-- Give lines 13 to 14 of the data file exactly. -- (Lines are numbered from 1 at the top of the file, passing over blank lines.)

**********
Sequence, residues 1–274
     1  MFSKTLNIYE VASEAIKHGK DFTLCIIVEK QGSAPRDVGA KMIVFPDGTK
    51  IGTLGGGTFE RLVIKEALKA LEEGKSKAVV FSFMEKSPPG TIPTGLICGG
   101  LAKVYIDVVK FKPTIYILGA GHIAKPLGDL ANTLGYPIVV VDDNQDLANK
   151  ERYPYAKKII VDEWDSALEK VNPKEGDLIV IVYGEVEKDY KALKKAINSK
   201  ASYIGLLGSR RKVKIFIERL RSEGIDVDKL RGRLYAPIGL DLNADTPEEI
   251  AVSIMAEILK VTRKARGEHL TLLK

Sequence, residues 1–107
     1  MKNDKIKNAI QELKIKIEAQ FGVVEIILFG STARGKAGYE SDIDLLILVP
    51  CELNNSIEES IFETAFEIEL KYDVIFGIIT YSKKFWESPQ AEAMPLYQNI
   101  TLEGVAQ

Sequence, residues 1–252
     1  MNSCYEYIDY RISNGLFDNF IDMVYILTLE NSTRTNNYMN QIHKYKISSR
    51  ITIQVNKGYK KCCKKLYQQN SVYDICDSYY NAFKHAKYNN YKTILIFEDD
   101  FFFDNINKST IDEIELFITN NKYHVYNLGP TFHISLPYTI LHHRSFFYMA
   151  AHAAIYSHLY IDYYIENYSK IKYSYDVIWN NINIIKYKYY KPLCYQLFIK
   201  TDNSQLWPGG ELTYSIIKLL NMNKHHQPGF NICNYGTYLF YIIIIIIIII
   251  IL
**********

     1  MNSCYEYIDY RISNGLFDNF IDMVYILTLE NSTRTNNYMN QIHKYKISSR
    51  ITIQVNKGYK KCCKKLYQQN SVYDICDSYY NAFKHAKYNN YKTILIFEDD